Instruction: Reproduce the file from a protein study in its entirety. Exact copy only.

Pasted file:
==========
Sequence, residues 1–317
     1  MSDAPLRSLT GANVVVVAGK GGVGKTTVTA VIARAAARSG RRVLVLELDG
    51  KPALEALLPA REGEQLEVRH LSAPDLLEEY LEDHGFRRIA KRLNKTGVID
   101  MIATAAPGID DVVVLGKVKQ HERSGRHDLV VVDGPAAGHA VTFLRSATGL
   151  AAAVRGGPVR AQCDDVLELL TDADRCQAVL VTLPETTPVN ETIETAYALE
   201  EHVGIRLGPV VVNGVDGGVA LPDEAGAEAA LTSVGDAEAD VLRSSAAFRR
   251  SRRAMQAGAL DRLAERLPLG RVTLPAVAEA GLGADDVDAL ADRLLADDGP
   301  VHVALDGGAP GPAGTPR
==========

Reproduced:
Sequence, residues 1–317
     1  MSDAPLRSLT GANVVVVAGK GGVGKTTVTA VIARAAARSG RRVLVLELDG
    51  KPALEALLPA REGEQLEVRH LSAPDLLEEY LEDHGFRRIA KRLNKTGVID
   101  MIATAAPGID DVVVLGKVKQ HERSGRHDLV VVDGPAAGHA VTFLRSATGL
   151  AAAVRGGPVR AQCDDVLELL TDADRCQAVL VTLPETTPVN ETIETAYALE
   201  EHVGIRLGPV VVNGVDGGVA LPDEAGAEAA LTSVGDAEAD VLRSSAAFRR
   251  SRRAMQAGAL DRLAERLPLG RVTLPAVAEA GLGADDVDAL ADRLLADDGP
   301  VHVALDGGAP GPAGTPR